What does a heel spur feel like?

If you’ve ever experienced heel pain, you might have come across the term ‘heel spur’ and wondered, “what does a heel spur feel like?”. The answer to that is a somewhat complicated one. The reason is, sometimes you don’t even feel a heel spur at all. So what is a heel spur in the first place? Read on to learn more…

What is a heel spur and what causes it?

Before addressing the question of what does a heel spur feel like, an understanding of the condition is required. A heel spur is a bony growth, which is a calcium deposit on the heel bone (the calcaneus). They are typically located either at the back of the heel or underneath the heel, on only one or both heels, depending on what has caused them to develop. Understanding what causes heel spurs helps us to make sense of the symptoms that may (or may not!) be associated with them.

Heel spurs develop over a long period of time, usually many months. They do not come about suddenly or overnight. The heel bone serves as an attachment point for some major tendons and ligaments in the lower leg and foot. When these attachment points are under constant strain due to pressure or stress on the associated ligament or tendon, a heel spur may develop. Repeated strain can be from tight calf muscles or activities such as jumping, walking barefoot on hard surfaces, or running. Suboptimal foot biomechanics can also be a common cause of heel spurs.

what does a heel spur feel like

What does a heel spur feel like? What are the symptoms?

What a heel spur feels like or whether someone with a heel spur feels it at all, largely depends on what has caused the spur in the first place. If you asked a patient that had plantar fasciitis and an associated heel spur, “what does a heel spur feel like?”, they would likely describe some common symptoms of plantar fasciitis. If the patient does have a spur present, their spur will probably be underneath the heel, where their ligament attaches to the heel bone. A patient with a heel spur associated with Achilles tendonitis would have it at the back of their heel; they would describe symptoms commonly associated Achilles tendonitis.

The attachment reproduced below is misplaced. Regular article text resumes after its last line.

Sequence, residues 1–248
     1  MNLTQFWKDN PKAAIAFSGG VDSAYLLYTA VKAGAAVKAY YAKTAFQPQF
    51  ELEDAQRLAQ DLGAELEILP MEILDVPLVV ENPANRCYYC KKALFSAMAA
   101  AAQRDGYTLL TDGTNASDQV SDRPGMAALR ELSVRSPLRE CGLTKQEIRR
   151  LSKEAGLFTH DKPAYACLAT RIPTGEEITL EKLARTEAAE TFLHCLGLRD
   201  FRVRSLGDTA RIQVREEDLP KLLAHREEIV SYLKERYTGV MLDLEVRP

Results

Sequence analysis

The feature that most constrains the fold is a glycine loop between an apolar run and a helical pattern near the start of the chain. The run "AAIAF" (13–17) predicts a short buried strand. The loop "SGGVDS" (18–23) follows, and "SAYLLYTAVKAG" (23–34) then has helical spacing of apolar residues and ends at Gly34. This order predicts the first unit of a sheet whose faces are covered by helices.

In patients whose heel spurs are the source of discomfort, the pain actually comes from the physical pressure, or ‘digging in’ of the heel spur on the surrounding soft tissue structures, such as the heel fat pad or the Achilles Tendon. Some patients describe their pain as intermittent, some as constant. The pain can usually be pin-pointed to the location of the spur, and is worse when walking barefoot.

Bear in mind, sometimes heel spurs do not cause the patient any discomfort at all.

What does a heel spur feel like and how is it diagnosed?

If the answer to “what does a heel spur feel like?” is sometimes nothing at all, how are heel spurs then diagnosed? Heel spurs can only be accurately diagnosed on xray. In fact, in many cases, heel spurs are an incidental discovery when an xray of the patient’s foot is taken for other reasons.

Before looking for a heel spur, your sports podiatrist will need to exclude a number of other conditions, since the pain associated with heel spurs can be very similar to, or in fact caused by another underlying condition. In any case, your sports podiatrist will not normally be looking to remove the spur surgically or otherwise, but to treat the underlying cause.

If you have ever wondered “what does a heel spur feel like?”, the article above may have given you some insight into the situation. However, please be advised that the information provided above should not be taken as general medical advice, since it is for educational purposes only. If you are experiencing heel pain and wonder whether you might have a heel spur, you should consult with a suitably qualified sports podiatrist to discuss your condition. Appointments with our specialist sports podiatrist can be made by emailing receptionist@heelclinic.com.au or by calling 91998754.

Karl Lockett – sports podiatrist.